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Fourth Sunday in Lent, Cycle C

The emphasis within most of the texts appointed for next Sunday (Psalm 32; 2 Corinthians 5:16-21; Luke 15:1-3, 11b-32) is on turning to God, acknowledging sin, and receiving forgiveness from God. These are basic motifs within our Christian Lenten season. As we utilize these texts, our proclamation and our parenesis should be focused on these motifs.

Psalm 32

This psalm begins with a beatitude, “Blessed is the person whose sin is forgiven.” The wicked are contrasted with the righteous and shown to be foolish for not turning to the Lord. They are like a mule, without understanding. The psalmist demonstrates how reasonable it is to acknowledge sin to the Lord and to receive forgiveness and peace. The individual Hymn of Thanksgiving is most persuasive; those who hear can hardly fail to respond.

Joshua 5:9-12

In this text the Israelites have established a “beachhead” in the land that the Lord has promised to them. They had just circumcised all of the males among them. The manna with which the Lord had sustained them throughout their years of wandering in the wilderness ceased, and they began to eat the produce of the land. They ate the Passover, recalled how the Lord had delivered them from bondage in Egypt, and were prepared for the conquest of Jericho and of the lands beyond Jericho.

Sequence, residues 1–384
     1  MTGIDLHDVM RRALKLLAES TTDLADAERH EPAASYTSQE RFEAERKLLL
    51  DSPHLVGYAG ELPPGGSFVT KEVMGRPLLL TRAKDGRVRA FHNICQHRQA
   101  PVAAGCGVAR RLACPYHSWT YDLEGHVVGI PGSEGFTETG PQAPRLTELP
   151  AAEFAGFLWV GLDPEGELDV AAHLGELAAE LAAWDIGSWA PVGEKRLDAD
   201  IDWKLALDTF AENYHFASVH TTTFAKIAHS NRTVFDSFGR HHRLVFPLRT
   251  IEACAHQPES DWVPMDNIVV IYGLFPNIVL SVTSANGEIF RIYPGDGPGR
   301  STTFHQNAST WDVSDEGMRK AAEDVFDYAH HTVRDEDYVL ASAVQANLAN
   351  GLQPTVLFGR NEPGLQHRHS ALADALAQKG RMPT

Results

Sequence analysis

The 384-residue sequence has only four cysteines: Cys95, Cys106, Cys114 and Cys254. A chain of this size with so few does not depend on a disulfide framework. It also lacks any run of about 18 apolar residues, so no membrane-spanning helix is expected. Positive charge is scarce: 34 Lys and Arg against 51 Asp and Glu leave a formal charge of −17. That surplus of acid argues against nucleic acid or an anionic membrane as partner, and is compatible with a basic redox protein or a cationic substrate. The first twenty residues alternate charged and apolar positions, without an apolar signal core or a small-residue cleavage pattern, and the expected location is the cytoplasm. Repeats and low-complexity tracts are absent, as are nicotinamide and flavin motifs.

Perhaps we should say that thanks to God in Christ we too have a “beachhead” in the promised land. Let us recall the life, death, and resurrection of Jesus as the Christ, remember our baptism, and be prepared to live courageously as People of God here and now and forever as sinners who are forgiven. This is basically the meaning of Lent.

2 Corinthians 5:16-21

Paul announces here that through Jesus as the Christ God has reconciled us and the world to God’s self, not counting the sins that have been committed, and has made Paul and those who were with Paul ministers of reconciliation. This is the proclamation in 5:17-20a. The parenesis closely follows in 5:20b in the fascinating form of the Greek 2 Aorist Passive Imperative, “Be reconciled to God!” For a discussion of the significance of this Passive Imperative construction, see the comments on 2 Corinthians 5:20b–6:2 in the ASH WEDNESDAY section above.

Luke 15:1-3, 11b-32

In the Luke 15:1-3 introduction to the three Lukan parables of the lost sheep, the lost coin, and the lost son, the Lukan writer casts the Pharisees and the scribes as objecting to the idea of Jesus having table fellowship with his own followers. Not only the introduction in 15:1-3, but also the three parables in this chapter are exclusively Lukan. We should notice that in every parable of Jesus that is peculiar to Luke the first-mentioned people or things represent religiously observant Jews, while those that are mentioned last represent repentant and grateful followers of Jesus.

Within the context of the other texts selected for next Sunday, our use of this well-known Lukan parable should focus on the graciousness with which the father in the parable invites both sons to come to him and be glad, receiving forgiveness for the guilt of their sins. For more elaboration on this, see Helmut Thielicke, The Waiting Father (New York: Harper & Row, 1959).

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Authors of
Lectionary Scripture Notes
Norman A. Beck is the Poehlmann Professor of Theology and Classical Languages and the Chairman of the Department of Theology, Philosophy, and Classical Languages at Texas Lutheran University
Dr. Norman A. Beck
Mark Ellingsen is professor at the Interdenominational Theological Center in Atlanta, Georgia
Dr. Mark Ellingsen